met the goals and objectives of the United Nations Convention Against Illicit Traffic in Narcotic Drugs and Psychotropic Substances, including action on such issues as illicit cultivation, production, distribution, sale, transport, and financing, and money laundering, asset seizure, extradition, mutual legal assistance, law enforcement and transit cooperation, precursor chemical control, and demand reduction;
accomplished the goals described in an applicable bilateral narcotics agreement with the United States or a multilateral agreement; and
taken legal and law enforcement measures to prevent and punish public corruption, especially by senior government officials, that facilitates the production, processing, or shipment of narcotic and psychotropic drugs and other controlled substances, or that discourages the investigation or prosecution of such acts.
The statute provides, alternatively, that a country that cannot be certified under the foregoing standard may be certified on the grounds that "vital national interests of the United States require" that assistance withheld pursuant to section 490(a)(1) be provided to and the United States not vote against multilateral development bank lending to such country. FAA � 490(b)(1)(B).
Major Illicit Drug Producing, Drug-Transit, Significant Source, Precursor Chemical, and Money Laundering Countries
Section 489(a)(3) of the FAA requires the USG to identify:
(A) major illicit drug producing and major drug-transit countries,
(B) major sources of precursor chemicals used in the production of illicit narcotics; or
(C) major money laundering countries.
These countries are identified below.
Major Illicit Drug Producing and Drug-Transit Countries
A major illicit drug producing country is one in which:
(A) 1,000 hectares or more of illicit opium poppy is cultivated or harvested during a year;
(B) 1,000 hectares or more of illicit coca is cultivated or harvested during a year; or
(C) 5,000 hectares or more of illicit cannabis is cultivated or harvested during a year, unless the President determines that such illicit cannabis production does not significantly affect the United States. FAA � 481(e)(2).
A major illicit drug-transit country is one:
(A) that is a significant direct source of illicit narcotic or psychotropic drugs or other controlled substances significantly affecting the United States; or
(B) through which are transported such drugs or substances. FAA � 481(e)(5).
The following major drug producing and/or drug-transit countries were identified and notified to Congress by the President pursuant to section 490(h) of the FAA in 2000:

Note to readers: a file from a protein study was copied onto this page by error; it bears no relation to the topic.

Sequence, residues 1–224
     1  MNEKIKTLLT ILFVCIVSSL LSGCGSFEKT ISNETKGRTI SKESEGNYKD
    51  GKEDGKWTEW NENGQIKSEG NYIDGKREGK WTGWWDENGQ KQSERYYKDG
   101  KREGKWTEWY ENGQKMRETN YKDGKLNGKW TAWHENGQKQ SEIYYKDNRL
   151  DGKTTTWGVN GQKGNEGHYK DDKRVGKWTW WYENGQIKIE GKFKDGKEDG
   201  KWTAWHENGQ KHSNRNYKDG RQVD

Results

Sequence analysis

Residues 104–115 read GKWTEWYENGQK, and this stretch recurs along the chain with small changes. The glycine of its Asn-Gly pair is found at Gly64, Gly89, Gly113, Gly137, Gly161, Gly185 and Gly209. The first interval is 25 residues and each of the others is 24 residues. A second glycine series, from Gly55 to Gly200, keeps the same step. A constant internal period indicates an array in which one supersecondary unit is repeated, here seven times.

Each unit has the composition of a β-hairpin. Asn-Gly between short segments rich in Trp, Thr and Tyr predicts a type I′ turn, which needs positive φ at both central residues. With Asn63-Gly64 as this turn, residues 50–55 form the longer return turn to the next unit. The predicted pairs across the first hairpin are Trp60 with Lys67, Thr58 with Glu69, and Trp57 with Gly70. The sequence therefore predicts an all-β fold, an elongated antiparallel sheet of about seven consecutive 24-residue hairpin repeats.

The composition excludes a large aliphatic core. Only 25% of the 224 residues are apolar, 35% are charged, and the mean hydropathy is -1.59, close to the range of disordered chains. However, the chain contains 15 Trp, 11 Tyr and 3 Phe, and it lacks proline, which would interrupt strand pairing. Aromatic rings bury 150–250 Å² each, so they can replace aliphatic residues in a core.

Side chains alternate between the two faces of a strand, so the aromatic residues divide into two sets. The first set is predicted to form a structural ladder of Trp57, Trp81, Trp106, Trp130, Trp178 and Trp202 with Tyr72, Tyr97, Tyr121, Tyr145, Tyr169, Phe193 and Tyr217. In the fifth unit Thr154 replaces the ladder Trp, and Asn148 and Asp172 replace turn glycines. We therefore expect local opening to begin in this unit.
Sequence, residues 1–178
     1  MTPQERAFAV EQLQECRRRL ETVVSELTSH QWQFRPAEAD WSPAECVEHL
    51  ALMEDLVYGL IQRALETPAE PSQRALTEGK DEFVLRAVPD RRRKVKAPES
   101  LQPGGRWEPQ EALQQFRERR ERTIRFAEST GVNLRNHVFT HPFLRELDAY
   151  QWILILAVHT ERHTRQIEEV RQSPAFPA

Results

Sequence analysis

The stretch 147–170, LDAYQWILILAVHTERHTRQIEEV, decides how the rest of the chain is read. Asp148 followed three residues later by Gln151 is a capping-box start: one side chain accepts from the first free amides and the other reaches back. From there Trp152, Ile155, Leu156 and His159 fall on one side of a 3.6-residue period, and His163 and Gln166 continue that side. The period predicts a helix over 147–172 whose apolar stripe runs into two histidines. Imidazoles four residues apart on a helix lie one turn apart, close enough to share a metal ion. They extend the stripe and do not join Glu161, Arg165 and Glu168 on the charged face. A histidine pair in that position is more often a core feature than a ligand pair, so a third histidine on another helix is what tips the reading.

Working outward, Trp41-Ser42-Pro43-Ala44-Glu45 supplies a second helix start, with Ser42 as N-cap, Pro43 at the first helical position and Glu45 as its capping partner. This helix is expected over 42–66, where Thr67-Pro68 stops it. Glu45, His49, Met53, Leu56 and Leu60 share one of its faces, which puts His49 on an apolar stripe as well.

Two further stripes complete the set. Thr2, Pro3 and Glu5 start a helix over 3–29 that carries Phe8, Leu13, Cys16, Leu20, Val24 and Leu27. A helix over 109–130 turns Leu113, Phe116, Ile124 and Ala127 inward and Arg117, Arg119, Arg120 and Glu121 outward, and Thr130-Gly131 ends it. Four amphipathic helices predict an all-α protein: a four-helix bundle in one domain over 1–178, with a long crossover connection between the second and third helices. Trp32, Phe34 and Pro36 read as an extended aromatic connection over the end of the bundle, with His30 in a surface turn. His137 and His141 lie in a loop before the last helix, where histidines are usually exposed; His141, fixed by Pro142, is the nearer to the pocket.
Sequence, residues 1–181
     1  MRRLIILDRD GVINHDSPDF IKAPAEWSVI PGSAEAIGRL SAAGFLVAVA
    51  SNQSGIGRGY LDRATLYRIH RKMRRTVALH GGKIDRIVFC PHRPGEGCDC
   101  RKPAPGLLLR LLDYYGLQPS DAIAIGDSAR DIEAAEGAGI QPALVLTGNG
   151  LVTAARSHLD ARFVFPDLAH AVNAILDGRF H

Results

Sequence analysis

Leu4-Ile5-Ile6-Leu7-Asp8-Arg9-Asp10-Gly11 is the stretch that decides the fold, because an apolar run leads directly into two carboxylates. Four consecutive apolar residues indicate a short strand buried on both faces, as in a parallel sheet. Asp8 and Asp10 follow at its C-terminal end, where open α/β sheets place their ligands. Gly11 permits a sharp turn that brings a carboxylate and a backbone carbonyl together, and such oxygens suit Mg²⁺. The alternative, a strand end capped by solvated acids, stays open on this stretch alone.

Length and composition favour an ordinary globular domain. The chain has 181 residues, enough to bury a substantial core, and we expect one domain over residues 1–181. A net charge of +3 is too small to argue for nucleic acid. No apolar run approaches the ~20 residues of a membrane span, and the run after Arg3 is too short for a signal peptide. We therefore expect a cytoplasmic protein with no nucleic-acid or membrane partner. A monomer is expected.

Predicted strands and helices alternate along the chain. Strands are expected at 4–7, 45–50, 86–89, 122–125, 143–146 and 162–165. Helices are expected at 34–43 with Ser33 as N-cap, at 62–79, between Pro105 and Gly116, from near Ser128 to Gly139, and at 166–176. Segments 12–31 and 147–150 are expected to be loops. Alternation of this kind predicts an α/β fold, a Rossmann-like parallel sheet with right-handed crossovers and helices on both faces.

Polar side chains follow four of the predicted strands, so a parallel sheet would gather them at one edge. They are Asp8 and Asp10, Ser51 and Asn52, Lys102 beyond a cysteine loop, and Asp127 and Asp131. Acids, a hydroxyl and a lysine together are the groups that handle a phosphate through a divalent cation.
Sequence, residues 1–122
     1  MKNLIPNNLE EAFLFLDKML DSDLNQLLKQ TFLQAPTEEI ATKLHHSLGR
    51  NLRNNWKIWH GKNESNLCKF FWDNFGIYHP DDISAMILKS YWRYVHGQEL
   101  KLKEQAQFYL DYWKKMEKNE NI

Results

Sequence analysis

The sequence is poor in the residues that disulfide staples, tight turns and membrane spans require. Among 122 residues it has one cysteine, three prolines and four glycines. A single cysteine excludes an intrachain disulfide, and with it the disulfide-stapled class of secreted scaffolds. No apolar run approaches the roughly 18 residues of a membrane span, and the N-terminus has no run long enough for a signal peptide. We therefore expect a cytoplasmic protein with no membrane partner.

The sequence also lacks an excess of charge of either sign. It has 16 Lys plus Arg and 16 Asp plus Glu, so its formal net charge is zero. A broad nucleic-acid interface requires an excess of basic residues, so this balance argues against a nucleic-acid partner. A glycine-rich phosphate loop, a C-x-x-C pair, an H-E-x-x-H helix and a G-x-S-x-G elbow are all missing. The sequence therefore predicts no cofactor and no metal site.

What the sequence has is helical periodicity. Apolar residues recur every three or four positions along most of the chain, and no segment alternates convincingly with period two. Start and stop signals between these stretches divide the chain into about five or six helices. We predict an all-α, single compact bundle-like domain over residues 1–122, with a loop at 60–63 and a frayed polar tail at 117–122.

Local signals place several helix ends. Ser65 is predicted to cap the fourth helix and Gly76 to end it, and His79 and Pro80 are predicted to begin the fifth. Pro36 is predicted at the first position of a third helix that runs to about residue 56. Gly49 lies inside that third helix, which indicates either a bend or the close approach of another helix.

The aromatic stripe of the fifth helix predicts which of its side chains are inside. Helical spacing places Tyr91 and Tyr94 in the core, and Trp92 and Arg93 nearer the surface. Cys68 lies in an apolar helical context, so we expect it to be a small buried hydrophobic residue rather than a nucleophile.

Afghanistan, The Bahamas, Bolivia, Brazil, Burma, Cambodia, China, Colombia, Dominican Republic, Ecuador, Guatemala, Haiti, India, Jamaica, Laos, Mexico, Nigeria, Pakistan, Panama, Paraguay, Peru, Thailand, Venezuela, and Vietnam.
Major Precursor Chemical Source Countries
The following countries have been determined to be major sources of precursor or essential chemicals used in the production of illicit narcotics:
Argentina, Brazil, China, Germany, India, Mexico, The Netherlands, and the United States.
Information is provided pursuant to section 489 of the FAA in the section entitled "Chemical Controls."
Major Money Laundering Countries
A major money laundering country is defined by statute as one "whose financial institutions engage in currency transactions involving significant amounts of proceeds from international narcotics trafficking" FAA �481(e)(7). However, the complex nature of money laundering transactions today makes it difficult in many cases to distinguish the proceeds of narcotics trafficking from the proceeds of other serious crime. Moreover, financial institutions engaging in transactions involving significant amounts of proceeds of other serious crime are vulnerable to narcotics-related money laundering. This year's list of major money laundering countries recognizes this relationship by including all countries and other jurisdictions, whose financial institutions engage in transactions involving significant amounts of proceeds from all serious crime. The following countries/jurisdictions have been identified this year in this category:
Antigua and Barbuda, Australia, Austria, the Bahamas, Brazil, Burma, Canada, Cayman Islands, China, Colombia, Cyprus, Dominica, the Dominican Republic, France, Germany, Greece, Grenada, Guernsey, Hong Kong, Hungary, India, Indonesia, the Isle of Man, Israel, Italy, Japan, Jersey, Lebanon, Liechtenstein, Luxembourg, Mexico, Nauru, the Netherlands, Nigeria, Pakistan, Panama, Paraguay, Philippines, Russia, Singapore, Spain, St. Kitts and Nevis, St. Vincent and the Grenadines, Switzerland, Taiwan, Thailand, Turkey, United Arab Emirates, United Kingdom, United States, Uruguay, and Venezuela.
Further information on these countries/entities and United States money laundering policies, as required by section 489 of the FAA, is set forth in the section entitled "Financial Crimes and Money Laundering."
(1) The Department of State's Bureau of International Narcotics and Law Enforcement Affairs (INL) is responsible for managing more than $300 million a year in narcotics control and anticrime assistance to foreign countries.